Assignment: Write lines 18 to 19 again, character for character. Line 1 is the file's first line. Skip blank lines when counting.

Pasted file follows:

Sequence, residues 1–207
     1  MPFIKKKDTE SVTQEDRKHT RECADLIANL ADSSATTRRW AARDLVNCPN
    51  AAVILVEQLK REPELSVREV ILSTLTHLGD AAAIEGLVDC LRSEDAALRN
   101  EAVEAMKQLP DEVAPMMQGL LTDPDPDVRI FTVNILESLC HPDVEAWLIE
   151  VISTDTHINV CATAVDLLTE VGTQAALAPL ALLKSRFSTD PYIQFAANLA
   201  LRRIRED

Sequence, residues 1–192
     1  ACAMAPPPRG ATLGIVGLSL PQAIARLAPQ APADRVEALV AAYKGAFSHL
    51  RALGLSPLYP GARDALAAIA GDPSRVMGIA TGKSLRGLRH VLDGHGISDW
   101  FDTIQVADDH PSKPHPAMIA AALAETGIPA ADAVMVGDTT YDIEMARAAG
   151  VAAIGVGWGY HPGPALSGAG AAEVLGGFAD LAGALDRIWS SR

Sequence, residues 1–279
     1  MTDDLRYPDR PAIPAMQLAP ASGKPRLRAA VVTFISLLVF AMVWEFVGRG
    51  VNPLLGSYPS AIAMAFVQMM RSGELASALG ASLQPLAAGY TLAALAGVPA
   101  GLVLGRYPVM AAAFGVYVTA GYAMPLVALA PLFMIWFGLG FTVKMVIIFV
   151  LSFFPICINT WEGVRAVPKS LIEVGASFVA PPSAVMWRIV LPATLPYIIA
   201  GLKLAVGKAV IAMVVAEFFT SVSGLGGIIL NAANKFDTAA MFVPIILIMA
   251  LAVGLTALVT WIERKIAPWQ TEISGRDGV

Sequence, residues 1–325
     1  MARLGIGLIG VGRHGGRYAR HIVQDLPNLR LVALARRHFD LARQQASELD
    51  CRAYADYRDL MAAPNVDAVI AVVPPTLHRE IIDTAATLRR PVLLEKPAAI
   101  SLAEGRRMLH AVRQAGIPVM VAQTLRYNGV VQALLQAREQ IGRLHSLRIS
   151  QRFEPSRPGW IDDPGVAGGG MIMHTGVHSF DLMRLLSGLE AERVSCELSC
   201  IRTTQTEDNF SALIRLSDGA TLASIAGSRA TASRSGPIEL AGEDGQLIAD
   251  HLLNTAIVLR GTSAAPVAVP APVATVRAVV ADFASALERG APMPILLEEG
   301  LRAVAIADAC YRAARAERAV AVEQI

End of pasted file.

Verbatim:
   251  LAVGLTALVT WIERKIAPWQ TEISGRDGV

Sequence, residues 1–325